In light of the September 11th attacks, Romero launched a national campaign called "Keep America Safe and Free," to protect American civil liberties and basic freedoms during a time of crisis in the US. The campaign successfully targeted the Patriot Act, achieving a number of court victories, and uncovered hundreds of thousands of documents detailing the illegal torture and abuse of detainees in US custody in Iraq, Afghanistan, and Guantanamo. As a result of their successful court challenge to elements of the Patriot Act, the ACLU also forced the FBI to open files it had on antiwar groups, including the ACLU itself. Further, under Romero's leadership, the ACLU became the first organization to successfully file a legal challenge to the Bush administration's illegal NSA spying program. Shortly thereafter, Romero helped to establish the John Adams Project, in collaboration with the National Association of Criminal Defense Lawyers, to assist the under-resourced military defense lawyers in the Guantanamo military commissions. Referring to the August 17, 2006, federal court declaration that the Terrorist Surveillance Program was unconstitutional, Romero called the court's opinion "another nail in the coffin in the Bush administration's legal strategy in the War on Terror". Romero, when discussing the Bush Administration once said, "The eight years of President Bush will go down in history as one of the darkest moments in America's commitment to human rights."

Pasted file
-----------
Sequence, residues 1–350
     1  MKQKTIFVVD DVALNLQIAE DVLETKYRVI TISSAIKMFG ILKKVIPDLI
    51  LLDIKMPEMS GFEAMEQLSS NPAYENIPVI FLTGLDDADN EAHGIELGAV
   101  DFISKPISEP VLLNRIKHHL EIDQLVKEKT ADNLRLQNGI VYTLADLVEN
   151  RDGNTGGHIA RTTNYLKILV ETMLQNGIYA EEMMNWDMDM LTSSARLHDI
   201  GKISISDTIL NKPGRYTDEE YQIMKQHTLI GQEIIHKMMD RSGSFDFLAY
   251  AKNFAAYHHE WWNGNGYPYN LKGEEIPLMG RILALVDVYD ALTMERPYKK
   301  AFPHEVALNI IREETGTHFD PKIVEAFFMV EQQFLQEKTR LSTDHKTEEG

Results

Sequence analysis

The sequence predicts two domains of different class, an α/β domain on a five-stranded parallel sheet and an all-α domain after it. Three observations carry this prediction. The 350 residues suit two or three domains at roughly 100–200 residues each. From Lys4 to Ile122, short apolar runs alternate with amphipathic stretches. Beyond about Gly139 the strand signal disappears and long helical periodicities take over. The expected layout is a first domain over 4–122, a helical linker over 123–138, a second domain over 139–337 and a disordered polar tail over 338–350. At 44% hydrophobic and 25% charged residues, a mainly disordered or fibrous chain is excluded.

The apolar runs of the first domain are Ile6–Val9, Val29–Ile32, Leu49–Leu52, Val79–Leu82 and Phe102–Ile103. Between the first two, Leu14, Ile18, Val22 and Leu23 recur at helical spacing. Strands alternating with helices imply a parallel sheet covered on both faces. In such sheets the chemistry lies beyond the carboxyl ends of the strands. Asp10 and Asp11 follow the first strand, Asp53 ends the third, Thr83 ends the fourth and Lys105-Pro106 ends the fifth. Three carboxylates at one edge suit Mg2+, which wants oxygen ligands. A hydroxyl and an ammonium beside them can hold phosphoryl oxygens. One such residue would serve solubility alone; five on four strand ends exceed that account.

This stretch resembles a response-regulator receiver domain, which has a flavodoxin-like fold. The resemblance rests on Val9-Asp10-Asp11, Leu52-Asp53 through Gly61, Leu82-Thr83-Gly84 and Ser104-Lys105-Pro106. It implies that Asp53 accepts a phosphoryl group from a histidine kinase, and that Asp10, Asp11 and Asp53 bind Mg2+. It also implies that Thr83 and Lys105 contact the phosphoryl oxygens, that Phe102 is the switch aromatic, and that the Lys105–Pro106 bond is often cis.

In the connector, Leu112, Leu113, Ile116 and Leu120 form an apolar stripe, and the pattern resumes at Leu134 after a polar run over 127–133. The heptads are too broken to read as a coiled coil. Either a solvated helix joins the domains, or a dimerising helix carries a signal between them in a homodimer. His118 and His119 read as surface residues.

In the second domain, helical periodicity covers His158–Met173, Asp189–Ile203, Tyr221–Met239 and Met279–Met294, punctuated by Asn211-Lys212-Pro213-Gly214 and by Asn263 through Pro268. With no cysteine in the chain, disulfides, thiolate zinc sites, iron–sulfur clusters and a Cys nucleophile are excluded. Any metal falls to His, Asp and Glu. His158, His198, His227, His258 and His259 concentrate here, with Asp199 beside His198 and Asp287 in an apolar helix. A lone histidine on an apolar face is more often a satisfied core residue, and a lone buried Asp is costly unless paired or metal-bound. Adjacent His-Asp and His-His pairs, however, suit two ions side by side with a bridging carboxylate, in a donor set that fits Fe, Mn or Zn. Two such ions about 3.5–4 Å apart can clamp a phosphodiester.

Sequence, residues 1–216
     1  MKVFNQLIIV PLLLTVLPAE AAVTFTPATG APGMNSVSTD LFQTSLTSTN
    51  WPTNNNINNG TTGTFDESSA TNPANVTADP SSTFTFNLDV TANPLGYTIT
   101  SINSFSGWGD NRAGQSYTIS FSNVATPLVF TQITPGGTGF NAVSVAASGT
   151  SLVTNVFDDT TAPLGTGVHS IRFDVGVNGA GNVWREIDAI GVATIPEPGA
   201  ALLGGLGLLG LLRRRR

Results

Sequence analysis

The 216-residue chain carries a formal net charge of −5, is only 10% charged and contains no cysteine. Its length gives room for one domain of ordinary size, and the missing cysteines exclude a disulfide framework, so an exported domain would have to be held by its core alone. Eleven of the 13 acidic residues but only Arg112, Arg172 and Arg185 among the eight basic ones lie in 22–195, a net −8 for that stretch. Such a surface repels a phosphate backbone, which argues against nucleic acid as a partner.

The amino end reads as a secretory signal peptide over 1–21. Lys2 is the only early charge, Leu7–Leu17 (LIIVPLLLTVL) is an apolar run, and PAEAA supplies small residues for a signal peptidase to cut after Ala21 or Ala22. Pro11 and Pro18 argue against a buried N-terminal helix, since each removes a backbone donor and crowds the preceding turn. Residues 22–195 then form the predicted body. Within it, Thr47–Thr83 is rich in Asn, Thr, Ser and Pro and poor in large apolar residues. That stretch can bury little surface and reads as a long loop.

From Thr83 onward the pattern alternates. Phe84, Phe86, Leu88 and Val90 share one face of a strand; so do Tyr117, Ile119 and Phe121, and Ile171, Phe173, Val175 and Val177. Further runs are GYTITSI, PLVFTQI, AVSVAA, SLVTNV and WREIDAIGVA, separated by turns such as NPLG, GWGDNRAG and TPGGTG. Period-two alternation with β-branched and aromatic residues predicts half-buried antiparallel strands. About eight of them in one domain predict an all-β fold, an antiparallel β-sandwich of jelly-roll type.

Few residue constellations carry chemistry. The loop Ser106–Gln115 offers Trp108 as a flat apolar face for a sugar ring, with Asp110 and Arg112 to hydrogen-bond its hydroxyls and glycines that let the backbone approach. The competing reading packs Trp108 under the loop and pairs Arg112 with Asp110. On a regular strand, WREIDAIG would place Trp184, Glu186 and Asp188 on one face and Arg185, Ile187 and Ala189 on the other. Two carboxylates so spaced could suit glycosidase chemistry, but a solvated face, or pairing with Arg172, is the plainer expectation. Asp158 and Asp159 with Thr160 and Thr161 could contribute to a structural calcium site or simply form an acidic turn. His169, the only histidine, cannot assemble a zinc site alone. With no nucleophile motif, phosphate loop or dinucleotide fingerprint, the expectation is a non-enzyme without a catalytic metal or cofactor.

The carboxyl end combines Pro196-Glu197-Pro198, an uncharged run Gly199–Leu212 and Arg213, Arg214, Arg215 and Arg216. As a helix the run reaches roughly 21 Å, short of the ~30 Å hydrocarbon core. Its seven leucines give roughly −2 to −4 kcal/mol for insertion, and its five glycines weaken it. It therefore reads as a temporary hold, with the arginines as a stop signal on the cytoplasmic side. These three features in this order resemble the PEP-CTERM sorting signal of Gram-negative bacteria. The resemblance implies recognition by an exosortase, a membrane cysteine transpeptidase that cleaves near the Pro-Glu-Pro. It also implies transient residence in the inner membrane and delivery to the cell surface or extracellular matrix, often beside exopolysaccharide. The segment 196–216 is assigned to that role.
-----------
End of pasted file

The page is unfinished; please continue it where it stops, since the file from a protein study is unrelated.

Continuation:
Amidst 9/11 related concerns, ACLU membership, which had hovered around 300,000 for decades, increased to 573,000 following the terror attacks and subsequent legislation established during the Bush Administration. Total donations to the ACLU doubled to more than twice the 2001 budget, increasing to about $28 million per year in the years following. Upon Romero's arrival, he increased the number of ACLU staff from 186 to 379 in 2001 alone. He also raised the salaries of staff members to be more in line with industry standards, in some cases increasing salaries by as much as 86 percent. In each of the ACLU's national affiliate offices, Romero hired and placed at least one staff attorney.
The ACLU's massive growth under Romero's leadership allowed for the organization to expand its activities with regard to racial justice, religious freedom, privacy rights, reproductive freedom, and LGBT rights. In recent years, this has enabled the organization to create a new Human Rights program as well as a division dedicated to privacy issues arising from new surveillance technology, including data mining and the collection of genetic data.